Well, I was obsessed with nuclear science too, to a point,
but before that I was obsessed with space,
and I was really excited about, you know,
being an astronaut and designing rockets,
which was something that was always exciting to me.
But I think I get to come back to this,
because imagine having a compact reactor in a rocket
that produces 50 to 100 megawatts.
That is the rocket designer's dream.
That's someone who is designing a habitat on another planet's dream.
Not only do you have 50 to 100 megawatts
to power whatever you want to provide propulsion to get you there,
but you have power once you get there.
You know, rocket designers who use solar panels
or fuel cells, I mean a few watts or kilowatts --
wow, that's a lot of power.
I mean, now we're talking about 100 megawatts.
That's a ton of power.
That could power a Martian community.
That could power a rocket there.
And so I hope that
maybe I'll have an opportunity to kind of explore
my rocketry passion at the same time that I explore my nuclear passion.
And people say, "Oh, well, you've launched this thing,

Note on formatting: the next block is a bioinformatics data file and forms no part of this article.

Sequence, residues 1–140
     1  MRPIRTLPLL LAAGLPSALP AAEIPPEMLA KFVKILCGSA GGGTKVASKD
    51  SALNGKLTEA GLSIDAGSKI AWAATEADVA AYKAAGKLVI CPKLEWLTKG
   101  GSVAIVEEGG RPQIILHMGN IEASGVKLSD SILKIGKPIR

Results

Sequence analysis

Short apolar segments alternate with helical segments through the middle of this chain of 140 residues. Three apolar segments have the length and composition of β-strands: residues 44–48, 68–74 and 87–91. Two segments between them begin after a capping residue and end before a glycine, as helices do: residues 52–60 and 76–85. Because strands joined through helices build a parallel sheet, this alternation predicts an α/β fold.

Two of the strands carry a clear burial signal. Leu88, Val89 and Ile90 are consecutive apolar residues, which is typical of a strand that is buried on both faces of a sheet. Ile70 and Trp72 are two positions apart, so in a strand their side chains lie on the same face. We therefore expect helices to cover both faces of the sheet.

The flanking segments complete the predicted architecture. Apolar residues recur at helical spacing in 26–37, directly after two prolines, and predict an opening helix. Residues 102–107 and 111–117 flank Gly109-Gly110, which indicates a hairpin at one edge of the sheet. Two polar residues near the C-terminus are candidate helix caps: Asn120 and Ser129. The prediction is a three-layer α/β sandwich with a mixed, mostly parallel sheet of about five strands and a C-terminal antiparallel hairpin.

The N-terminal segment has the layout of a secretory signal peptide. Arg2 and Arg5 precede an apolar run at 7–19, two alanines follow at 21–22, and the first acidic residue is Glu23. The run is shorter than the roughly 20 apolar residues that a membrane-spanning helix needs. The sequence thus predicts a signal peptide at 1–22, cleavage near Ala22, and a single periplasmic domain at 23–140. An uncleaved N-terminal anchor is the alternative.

and it's radioactive, into space, and what about accidents?"
But we launch plutonium batteries all the time.
Everybody was really excited about Curiosity,
and that had this big plutonium battery on board
that has plutonium-238,
which actually has a higher specific activity
than the low-enriched uranium fuel of these molten salt reactors,
which means that the effects would be negligible,
because you launch it cold,
and when it gets into space is where you actually activate this reactor.
So I'm really excited.
I think that I've designed this reactor here
that can be an innovative source of energy,
provide power for all kinds of neat scientific applications,
and I'm really prepared to do this.
I graduated high school in May, and --
(Laughter) (Applause) —
I graduated high school in May,
and I decided that I was going to start up a company
to commercialize these technologies that I've developed,